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Call it a conundrum.
Despite North Korea launching a ballistic missile that passed over Japan, in what Japan's Prime Minister Shinzo Abe called an "unprecedented, serious and significant threat," traders still see the yen as a safe-haven play, and they're pushing the currency higher.
The yen has surged, with the dollar fetching as little as 108.32 yen in early Tuesday trade, down from levels approaching 111 yen earlier in the month.
That's in stark contrast to another country likely on the North's target list, South Korea, which saw its currency, the won, markedly drop. The dollar traded as high as 1,127.50 won in early Tuesday Asia trade, compared with around 1,118 won before the launch.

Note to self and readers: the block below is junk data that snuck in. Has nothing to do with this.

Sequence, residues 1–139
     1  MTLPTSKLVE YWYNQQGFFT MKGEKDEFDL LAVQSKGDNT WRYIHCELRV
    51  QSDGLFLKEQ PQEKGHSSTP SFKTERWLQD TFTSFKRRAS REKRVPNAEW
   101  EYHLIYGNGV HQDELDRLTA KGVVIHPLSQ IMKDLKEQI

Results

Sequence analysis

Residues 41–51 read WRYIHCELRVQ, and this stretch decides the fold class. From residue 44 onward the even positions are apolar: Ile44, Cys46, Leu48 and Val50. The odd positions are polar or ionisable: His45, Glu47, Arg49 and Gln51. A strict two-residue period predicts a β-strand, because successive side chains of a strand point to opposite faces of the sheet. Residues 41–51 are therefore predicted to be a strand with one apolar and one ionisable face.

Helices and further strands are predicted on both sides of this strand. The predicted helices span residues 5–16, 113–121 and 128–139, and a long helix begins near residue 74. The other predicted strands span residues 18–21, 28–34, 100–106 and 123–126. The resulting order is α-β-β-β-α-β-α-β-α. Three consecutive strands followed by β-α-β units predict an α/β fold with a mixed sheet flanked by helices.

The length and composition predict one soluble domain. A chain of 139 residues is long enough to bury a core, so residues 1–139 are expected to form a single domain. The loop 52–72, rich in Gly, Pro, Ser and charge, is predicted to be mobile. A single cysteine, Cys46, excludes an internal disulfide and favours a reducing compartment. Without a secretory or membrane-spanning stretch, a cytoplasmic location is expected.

The currency gyrations come as fears rise over the possibility of an armed confrontation with North Korea. Earlier this month, markets were roiled by a statement carried by Pyongyang's state news agency that it was "carefully examining an operational plan" for targeting the U.S. island territory of Guam with "enveloping fire."
If Washington wished to avoid military action, it should stop "recklessly" provoking Pyongyang, a separate statement from another military spokesperson said, according to the state-run outlet.
North Korea's threats comes amid blunt warnings from President Donald Trump, who has used language similar to the North's own frequent saber-rattling: Pyongyang "will be met with fire, fury, and frankly, power, the likes of which this world has never seen before," Trump said earlier this month.